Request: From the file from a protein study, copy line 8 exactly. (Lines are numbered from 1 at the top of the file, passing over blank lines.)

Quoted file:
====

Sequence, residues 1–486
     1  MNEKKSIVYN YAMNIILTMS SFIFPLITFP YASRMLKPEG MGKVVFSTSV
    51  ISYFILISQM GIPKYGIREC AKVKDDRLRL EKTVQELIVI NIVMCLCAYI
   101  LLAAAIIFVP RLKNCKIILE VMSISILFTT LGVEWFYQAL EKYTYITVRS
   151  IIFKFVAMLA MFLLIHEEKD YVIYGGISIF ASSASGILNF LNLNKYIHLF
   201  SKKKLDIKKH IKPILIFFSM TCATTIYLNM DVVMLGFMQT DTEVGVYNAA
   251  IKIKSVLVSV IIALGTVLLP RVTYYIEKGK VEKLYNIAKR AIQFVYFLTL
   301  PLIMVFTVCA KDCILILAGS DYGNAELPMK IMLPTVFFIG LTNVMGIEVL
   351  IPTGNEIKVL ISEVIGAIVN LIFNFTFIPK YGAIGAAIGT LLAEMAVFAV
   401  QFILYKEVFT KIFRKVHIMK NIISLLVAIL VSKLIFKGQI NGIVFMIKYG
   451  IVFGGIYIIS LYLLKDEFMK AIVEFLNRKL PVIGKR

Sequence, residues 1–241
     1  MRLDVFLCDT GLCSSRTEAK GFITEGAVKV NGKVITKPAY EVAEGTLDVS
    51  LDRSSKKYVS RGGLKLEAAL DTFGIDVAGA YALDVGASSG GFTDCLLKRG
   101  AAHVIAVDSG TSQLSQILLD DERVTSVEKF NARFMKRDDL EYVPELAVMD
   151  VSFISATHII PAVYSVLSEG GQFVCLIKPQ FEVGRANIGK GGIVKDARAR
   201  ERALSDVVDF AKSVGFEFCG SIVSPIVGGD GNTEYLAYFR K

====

   301  PLIMVFTVCA KDCILILAGS DYGNAELPMK IMLPTVFFIG LTNVMGIEVL